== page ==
Because we are so few people on the Faroe Islands, and we insist on being a whole nation, Faroese artists tend to be multi-disciplined. For instance, Kristina Sörensen, who stars in Castle of Joy, is not only an actress but also a dancer and musician. Dánjal á Neystabö, the composer and performer of the play’s music, is equally versatile as a composer, singer, writer, and actor. I suppose it´s in our DNA to create multidisciplined performances, and to be defiant.
Castle of Joy is based on the true story about the life and work of Pól Jóhannus Poulsen. Who was he and why were you interested in putting his story on stage?
Pól Jóhannus Poulsen, also known as Lykken (which is Danish and translates as Joy), was born in 1925, the youngest of thirteen siblings, in a small village on the Faroe Islands. Being perceived as different, he was sent to Denmark in 1939 to live in a mental institution. With no knowledge of the Danish language or culture, he fought hard to survive the physical and mental abuse that was common in Danish institutions during that era. Upon returning home from Denmark in 1945, he was broken and traumatised. During the last 26 years of his life, he collected discarded building materials and used them to construct a shack comprising 108 rooms in the mountain fields.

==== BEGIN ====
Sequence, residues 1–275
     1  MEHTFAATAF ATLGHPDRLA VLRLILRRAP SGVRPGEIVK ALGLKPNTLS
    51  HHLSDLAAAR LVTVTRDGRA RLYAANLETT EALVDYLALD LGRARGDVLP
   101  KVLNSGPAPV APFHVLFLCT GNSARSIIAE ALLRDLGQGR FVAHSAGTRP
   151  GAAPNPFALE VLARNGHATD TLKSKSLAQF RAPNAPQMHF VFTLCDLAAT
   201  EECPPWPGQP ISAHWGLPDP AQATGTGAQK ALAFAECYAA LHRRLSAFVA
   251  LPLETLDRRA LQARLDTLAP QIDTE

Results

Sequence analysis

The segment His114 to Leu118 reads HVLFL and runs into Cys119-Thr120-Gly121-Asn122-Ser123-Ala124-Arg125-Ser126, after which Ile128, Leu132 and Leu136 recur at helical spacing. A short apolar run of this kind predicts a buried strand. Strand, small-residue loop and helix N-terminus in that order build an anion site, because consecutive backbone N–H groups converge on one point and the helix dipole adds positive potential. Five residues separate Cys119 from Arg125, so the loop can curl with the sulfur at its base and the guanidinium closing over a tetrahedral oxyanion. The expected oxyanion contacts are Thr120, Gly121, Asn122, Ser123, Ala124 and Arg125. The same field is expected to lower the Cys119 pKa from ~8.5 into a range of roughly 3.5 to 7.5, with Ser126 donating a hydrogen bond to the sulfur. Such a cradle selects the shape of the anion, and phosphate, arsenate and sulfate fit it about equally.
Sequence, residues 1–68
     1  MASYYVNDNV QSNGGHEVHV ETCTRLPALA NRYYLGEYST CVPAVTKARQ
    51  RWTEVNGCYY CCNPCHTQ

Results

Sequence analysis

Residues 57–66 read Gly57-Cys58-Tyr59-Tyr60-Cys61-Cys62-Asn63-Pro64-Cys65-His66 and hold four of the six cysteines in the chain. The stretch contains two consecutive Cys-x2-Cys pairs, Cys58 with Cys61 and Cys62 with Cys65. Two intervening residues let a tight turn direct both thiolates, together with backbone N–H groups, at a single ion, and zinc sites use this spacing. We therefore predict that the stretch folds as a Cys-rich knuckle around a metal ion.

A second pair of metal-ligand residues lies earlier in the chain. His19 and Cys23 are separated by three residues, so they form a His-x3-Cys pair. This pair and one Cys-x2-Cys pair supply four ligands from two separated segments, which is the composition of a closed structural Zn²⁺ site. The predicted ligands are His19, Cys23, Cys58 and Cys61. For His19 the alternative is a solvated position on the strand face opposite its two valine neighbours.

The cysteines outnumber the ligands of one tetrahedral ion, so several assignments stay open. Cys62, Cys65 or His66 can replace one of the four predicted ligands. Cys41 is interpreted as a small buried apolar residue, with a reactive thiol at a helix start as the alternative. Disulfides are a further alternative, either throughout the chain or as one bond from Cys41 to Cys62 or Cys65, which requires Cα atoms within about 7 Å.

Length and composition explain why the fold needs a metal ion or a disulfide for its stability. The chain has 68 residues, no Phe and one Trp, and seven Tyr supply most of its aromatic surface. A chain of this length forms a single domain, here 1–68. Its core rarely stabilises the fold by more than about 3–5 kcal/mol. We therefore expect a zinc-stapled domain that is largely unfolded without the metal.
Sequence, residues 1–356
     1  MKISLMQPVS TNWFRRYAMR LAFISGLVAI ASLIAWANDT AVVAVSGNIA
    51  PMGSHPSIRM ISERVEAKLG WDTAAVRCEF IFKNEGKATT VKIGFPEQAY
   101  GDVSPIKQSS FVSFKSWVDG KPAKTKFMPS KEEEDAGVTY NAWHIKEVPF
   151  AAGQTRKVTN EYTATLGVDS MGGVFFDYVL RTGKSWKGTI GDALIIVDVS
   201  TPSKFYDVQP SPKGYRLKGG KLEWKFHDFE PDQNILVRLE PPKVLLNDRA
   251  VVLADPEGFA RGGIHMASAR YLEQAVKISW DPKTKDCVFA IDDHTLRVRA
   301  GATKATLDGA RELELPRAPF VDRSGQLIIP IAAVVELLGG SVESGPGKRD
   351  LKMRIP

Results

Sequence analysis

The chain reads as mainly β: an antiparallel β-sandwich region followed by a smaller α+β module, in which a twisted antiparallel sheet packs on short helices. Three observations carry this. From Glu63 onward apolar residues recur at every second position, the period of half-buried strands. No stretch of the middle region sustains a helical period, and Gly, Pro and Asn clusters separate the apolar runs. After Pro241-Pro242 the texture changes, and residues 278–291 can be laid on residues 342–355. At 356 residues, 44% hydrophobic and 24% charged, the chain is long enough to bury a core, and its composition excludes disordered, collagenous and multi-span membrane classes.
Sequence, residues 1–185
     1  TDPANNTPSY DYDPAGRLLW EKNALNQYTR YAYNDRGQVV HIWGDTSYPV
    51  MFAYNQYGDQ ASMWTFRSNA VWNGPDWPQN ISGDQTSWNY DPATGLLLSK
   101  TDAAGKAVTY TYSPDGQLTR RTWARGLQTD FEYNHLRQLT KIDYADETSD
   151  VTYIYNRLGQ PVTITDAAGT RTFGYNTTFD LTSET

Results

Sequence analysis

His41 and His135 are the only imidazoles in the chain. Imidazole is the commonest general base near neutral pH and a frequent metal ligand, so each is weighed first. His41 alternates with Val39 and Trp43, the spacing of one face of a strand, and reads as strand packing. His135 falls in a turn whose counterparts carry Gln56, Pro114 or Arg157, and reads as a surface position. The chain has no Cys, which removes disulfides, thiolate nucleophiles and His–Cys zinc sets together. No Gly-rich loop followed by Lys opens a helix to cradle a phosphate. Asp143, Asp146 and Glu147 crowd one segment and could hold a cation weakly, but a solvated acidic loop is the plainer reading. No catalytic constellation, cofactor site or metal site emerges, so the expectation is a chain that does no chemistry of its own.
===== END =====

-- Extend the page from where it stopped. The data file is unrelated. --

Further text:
This sprawling structure became known as Castle of Joy.
Firstly, we wanted to put his story on stage because it was such a great and moving story.